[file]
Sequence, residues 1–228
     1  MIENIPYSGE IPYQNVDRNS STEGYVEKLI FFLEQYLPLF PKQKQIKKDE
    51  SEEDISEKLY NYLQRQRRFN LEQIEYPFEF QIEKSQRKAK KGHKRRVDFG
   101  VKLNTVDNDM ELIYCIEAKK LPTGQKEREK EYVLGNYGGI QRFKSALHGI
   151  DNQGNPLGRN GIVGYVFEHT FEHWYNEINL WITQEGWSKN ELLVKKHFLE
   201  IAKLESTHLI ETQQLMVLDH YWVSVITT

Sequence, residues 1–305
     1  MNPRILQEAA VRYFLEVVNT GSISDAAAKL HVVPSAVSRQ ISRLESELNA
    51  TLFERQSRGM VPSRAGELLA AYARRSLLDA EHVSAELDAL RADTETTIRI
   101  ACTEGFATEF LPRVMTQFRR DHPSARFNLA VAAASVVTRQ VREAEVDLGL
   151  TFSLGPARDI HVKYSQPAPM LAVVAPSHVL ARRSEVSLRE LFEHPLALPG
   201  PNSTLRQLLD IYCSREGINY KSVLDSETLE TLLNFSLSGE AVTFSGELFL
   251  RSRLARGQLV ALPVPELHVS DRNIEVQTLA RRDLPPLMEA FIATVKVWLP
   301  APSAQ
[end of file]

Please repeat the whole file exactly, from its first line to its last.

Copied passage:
Sequence, residues 1–228
     1  MIENIPYSGE IPYQNVDRNS STEGYVEKLI FFLEQYLPLF PKQKQIKKDE
    51  SEEDISEKLY NYLQRQRRFN LEQIEYPFEF QIEKSQRKAK KGHKRRVDFG
   101  VKLNTVDNDM ELIYCIEAKK LPTGQKEREK EYVLGNYGGI QRFKSALHGI
   151  DNQGNPLGRN GIVGYVFEHT FEHWYNEINL WITQEGWSKN ELLVKKHFLE
   201  IAKLESTHLI ETQQLMVLDH YWVSVITT

Sequence, residues 1–305
     1  MNPRILQEAA VRYFLEVVNT GSISDAAAKL HVVPSAVSRQ ISRLESELNA
    51  TLFERQSRGM VPSRAGELLA AYARRSLLDA EHVSAELDAL RADTETTIRI
   101  ACTEGFATEF LPRVMTQFRR DHPSARFNLA VAAASVVTRQ VREAEVDLGL
   151  TFSLGPARDI HVKYSQPAPM LAVVAPSHVL ARRSEVSLRE LFEHPLALPG
   201  PNSTLRQLLD IYCSREGINY KSVLDSETLE TLLNFSLSGE AVTFSGELFL
   251  RSRLARGQLV ALPVPELHVS DRNIEVQTLA RRDLPPLMEA FIATVKVWLP
   301  APSAQ